Sorry, but I cannot answer, as the only thing that I recall when
I hear "branch object" was that I heard the phrase used but
without much substance.

I do not think I saw a clear explanation on what it is, how it is
represented, how it is presented to the end user, how it is
propagated across repositories (if it is to be propagated),
how it is stored (if it is to be stored), how it is to be used,
etc. and such crucial details necessary to judge the merit
of thinking about introducing one. Perhaps it was explained
in the old thread, but I don't recall, so I cannot judge how
useful it would be to solve the problem the push certificate is
trying to solve.

On Tue, Aug 19, 2014 at 6:19 PM, Nico Williams <> wrote:
> On Tue, Aug 19, 2014 at 03:06:09PM -0700, Junio C Hamano wrote:
>> While signed tags and commits assert that the objects thusly signed
>> came from you, who signed these objects, there is not a good way to
>> assert that you wanted to have a particular object at the tip of a
>> particular branch.  My signing v2.0.1 tag only means I want to call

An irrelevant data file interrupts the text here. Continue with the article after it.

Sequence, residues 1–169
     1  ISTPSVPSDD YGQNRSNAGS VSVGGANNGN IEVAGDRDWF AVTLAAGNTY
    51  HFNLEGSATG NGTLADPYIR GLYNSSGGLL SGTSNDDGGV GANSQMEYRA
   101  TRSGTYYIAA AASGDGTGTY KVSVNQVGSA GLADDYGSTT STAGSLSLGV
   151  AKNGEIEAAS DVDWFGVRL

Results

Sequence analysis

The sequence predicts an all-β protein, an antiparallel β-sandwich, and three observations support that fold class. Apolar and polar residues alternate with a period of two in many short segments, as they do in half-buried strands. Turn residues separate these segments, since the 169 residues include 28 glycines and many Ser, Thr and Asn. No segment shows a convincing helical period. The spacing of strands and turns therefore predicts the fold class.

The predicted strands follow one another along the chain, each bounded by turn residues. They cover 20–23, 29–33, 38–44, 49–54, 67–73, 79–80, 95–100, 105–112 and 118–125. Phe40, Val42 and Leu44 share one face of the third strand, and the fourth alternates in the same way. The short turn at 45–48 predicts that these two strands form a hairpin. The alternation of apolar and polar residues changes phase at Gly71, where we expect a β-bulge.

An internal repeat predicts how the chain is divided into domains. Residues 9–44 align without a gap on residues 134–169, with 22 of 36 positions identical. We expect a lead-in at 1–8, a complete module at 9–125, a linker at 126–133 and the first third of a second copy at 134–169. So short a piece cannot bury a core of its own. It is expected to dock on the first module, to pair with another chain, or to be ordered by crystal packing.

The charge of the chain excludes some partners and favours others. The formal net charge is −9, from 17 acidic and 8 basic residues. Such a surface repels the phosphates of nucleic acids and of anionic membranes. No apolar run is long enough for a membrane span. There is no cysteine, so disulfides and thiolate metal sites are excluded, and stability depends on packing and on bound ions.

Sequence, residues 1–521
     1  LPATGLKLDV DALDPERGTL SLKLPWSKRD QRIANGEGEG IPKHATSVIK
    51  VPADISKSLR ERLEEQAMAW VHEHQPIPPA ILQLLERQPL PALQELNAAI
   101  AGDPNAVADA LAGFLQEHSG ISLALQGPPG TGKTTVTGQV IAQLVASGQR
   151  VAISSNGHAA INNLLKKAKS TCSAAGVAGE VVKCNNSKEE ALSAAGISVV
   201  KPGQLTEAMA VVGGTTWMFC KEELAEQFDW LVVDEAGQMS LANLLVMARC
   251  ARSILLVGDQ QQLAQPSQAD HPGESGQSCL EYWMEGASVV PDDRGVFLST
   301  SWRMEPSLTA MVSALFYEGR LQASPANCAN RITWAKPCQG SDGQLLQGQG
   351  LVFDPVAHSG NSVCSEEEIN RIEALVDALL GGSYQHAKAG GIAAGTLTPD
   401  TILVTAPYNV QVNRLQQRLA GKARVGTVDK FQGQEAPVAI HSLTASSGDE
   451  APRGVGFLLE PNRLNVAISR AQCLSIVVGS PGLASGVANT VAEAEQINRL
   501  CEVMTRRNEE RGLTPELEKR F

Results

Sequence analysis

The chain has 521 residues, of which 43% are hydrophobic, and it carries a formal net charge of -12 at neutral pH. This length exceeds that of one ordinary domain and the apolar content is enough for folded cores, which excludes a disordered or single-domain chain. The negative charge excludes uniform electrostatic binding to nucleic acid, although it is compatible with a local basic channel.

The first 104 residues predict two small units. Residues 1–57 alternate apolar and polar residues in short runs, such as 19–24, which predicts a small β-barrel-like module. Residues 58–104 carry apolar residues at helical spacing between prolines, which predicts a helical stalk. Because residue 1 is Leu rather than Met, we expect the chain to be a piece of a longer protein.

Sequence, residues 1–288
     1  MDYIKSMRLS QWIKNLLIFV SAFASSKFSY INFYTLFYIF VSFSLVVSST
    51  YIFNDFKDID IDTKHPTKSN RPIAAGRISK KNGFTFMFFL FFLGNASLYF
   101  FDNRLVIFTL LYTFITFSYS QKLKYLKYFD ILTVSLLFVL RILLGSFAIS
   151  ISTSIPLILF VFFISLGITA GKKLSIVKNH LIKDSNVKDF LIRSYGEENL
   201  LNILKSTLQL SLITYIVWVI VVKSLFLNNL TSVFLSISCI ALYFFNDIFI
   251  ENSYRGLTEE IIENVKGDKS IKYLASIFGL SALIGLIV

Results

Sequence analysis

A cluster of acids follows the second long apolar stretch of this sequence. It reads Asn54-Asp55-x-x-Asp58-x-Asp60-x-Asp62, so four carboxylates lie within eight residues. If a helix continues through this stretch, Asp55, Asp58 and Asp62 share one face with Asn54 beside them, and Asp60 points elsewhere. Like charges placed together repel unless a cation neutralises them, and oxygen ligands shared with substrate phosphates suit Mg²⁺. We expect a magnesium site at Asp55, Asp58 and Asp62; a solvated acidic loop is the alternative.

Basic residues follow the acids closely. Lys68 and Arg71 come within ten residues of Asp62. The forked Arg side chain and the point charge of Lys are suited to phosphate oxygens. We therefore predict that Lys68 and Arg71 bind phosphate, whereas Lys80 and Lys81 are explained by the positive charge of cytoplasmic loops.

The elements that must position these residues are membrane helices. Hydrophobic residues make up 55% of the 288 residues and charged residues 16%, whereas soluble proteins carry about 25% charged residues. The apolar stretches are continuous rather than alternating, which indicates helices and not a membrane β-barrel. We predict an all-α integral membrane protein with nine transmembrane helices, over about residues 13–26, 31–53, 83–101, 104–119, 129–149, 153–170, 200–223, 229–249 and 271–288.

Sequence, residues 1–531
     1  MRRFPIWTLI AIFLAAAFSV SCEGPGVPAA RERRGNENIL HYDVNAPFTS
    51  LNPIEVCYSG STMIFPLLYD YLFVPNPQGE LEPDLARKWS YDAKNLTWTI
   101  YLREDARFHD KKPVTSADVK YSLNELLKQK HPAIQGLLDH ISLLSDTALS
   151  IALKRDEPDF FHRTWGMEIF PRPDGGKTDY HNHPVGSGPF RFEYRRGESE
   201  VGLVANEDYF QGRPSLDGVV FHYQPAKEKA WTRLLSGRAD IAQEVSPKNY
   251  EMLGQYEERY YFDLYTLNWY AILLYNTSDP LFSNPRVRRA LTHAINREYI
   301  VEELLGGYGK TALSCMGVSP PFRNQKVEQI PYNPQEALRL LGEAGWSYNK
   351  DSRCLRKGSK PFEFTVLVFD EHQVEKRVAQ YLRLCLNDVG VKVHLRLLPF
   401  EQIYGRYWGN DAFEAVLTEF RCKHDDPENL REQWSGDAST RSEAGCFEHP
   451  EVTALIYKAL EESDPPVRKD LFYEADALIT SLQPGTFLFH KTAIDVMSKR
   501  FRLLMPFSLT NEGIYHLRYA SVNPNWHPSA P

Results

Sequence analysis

>> the version v2.0.1, and it does not mean I want to push it out to my
>> 'master' branch---it is likely that I only want it in 'maint', so
>> the signature on the object alone is insufficient.
>> [...]
>> This series introduces a cryptographic assurance for ref updates
>> done by "git push" by introducing a mechanism that allows you to
>> sign a "push certificate" (for the lack of better name) every time
>> you push.  Think of it as working on an axis orthogonal to the
>> traditional "signed tags".
> Sounds a lot like the "branch object" concept I suggest earlier, where
> each push would also push a commit to a branch object describing the
> updates to the branch, including signing of the updates to the branch
> (hey, it's just a signed commit), groups of commits pushed together / to
> be backed out together, rebase history, ...  (What about pushing
> orphaned commits?)
> Code-wise, would that be more or less generic?
> Nico
> --
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